The Scorecard evaluates how residents are faring across 66 outcome measures in five different issue areas—Financial Assets & Income, Businesses & Jobs, Housing & Homeownership, Health Care and Education. New Mexico’s 42nd-place outcome ranking remains unchanged from last year. The state received a “D” in the area of Financial Assets & Income, a reflection of the state’s high level of income poverty and the large number of unbanked households (ranked 50th and 45th respectively). New Mexico received a “D” in the Businesses & Jobs category, driven in part by the lowest retirement plan participation rate in the country and the second to lowest rate for private loans to small businesses. It also had the lowest ranking for employer provided health care coverage. New Mexico received an “F” in the Education category, due in part to its low rate of students who achieve reading and match proficiency in the 8th grade (ranked 49th and 47th respectively). The state is ranked 36th for number of adults with a four year college degree, and has the second worst disparities in college degree attainment by race.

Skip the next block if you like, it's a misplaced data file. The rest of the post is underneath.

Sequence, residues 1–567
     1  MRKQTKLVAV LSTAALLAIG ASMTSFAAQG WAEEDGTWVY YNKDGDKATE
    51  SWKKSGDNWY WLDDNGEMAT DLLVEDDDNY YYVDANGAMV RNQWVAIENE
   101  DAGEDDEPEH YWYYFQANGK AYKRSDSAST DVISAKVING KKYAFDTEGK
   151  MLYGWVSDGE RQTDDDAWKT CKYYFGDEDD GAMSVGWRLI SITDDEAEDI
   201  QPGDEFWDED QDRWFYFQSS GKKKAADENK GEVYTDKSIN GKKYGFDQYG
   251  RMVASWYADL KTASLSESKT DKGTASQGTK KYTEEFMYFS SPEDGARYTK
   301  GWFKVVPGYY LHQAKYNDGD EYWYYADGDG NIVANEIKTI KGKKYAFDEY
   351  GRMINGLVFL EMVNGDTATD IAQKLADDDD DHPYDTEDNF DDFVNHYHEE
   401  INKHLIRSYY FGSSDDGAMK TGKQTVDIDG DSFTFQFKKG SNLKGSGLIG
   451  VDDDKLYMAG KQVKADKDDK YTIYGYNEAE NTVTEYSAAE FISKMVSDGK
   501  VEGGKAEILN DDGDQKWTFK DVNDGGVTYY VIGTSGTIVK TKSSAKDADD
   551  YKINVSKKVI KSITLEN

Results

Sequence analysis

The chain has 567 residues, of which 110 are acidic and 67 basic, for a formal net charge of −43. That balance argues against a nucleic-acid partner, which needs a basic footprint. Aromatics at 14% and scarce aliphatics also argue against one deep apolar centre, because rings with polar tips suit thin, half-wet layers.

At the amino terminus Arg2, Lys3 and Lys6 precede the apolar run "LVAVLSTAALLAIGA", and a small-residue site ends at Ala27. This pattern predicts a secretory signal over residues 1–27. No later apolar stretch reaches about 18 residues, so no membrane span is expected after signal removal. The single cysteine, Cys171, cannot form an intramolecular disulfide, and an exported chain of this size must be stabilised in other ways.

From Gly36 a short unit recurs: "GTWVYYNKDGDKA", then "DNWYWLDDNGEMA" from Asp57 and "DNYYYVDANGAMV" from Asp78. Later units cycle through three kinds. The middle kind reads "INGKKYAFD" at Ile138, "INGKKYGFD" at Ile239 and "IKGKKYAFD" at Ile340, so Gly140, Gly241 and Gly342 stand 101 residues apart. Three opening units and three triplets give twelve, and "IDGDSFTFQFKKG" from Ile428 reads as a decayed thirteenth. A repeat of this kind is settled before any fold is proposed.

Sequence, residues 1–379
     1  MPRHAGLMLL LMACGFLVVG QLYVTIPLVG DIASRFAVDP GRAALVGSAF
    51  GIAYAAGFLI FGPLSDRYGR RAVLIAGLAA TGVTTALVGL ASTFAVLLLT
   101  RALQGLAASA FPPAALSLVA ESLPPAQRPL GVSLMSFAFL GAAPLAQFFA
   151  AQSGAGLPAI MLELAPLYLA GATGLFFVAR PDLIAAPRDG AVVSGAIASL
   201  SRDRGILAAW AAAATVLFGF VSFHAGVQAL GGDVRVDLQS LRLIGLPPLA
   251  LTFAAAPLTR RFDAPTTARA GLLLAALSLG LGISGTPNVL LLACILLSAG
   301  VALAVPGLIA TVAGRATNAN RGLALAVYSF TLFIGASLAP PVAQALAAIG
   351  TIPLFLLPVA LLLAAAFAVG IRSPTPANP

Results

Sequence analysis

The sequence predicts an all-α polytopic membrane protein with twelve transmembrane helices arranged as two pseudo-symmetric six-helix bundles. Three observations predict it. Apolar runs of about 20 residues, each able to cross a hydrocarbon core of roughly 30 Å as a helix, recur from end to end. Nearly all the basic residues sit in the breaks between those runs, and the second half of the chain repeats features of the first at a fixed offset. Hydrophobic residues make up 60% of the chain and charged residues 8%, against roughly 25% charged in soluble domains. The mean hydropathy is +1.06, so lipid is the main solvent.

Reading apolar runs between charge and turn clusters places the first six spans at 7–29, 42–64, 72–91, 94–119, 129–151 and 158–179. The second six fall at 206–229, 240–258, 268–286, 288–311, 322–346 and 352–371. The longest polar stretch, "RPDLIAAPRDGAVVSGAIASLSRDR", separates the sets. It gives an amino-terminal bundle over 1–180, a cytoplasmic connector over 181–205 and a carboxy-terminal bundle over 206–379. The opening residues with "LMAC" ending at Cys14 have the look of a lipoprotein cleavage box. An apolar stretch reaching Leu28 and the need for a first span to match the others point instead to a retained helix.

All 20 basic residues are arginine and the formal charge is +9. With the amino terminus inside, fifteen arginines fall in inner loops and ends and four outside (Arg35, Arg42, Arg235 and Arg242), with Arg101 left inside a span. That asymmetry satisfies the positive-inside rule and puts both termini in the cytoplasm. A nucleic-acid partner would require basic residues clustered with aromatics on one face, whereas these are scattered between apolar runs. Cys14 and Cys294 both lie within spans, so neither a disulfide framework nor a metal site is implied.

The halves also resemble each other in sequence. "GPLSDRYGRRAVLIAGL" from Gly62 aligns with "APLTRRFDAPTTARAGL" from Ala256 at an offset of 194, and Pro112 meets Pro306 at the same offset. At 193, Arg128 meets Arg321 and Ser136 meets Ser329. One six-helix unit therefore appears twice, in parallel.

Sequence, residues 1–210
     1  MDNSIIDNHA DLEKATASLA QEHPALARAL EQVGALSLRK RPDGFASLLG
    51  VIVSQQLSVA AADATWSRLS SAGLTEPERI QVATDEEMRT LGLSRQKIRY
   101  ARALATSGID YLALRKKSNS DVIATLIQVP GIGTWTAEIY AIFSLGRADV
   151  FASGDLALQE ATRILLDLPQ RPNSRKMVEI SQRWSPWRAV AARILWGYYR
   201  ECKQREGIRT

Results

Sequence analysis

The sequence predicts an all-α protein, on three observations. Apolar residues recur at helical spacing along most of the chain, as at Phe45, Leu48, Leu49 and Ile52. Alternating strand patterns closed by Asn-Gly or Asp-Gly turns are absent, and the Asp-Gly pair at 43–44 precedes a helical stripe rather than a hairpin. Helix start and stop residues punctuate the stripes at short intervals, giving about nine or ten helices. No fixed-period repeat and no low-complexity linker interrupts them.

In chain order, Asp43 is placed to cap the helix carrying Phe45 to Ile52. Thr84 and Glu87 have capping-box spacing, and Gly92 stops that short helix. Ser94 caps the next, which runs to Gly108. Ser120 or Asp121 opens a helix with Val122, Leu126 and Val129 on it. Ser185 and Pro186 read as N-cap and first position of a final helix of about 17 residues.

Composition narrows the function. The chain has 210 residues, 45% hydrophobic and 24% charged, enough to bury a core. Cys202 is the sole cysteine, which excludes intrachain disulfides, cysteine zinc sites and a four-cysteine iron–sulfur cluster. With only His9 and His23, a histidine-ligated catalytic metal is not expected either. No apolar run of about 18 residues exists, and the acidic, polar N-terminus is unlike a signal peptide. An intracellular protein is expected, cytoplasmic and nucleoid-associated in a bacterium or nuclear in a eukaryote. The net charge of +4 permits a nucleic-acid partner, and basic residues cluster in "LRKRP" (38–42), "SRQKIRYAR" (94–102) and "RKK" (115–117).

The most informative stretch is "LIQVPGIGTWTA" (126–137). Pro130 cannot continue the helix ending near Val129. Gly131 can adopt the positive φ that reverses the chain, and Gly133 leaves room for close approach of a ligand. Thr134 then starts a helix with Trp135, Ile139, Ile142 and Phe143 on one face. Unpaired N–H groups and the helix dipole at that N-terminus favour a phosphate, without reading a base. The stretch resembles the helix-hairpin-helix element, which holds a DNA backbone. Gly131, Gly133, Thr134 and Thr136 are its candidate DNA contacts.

The Scorecard also evaluates 67 different policy measures to determine how well states are addressing the challenges facings residents. On many policy measures, New Mexico also rates poorly, underscoring the link between inadequate policies and ongoing challenges confronting the state’s low- and moderate-income families. New Mexico ranked in the bottom half in two out of the five policy categories assessed by Scorecard, including Financial Assets & Income (26th) and Housing & Homeownership (36th).
“The data from the 2014 Assets & Opportunity Scorecard illustrate that the fundamental needs of low-income New Mexicans are not being met and that 50 years after President Johnson’s groundbreaking declaration, we must continue to wage war on poverty in our state,” said Dawn Z. Hommer, CEO of the Community Action Agency of Southern New Mexico (CAASNM) and Lead Organization in the Assets & Opportunity Network.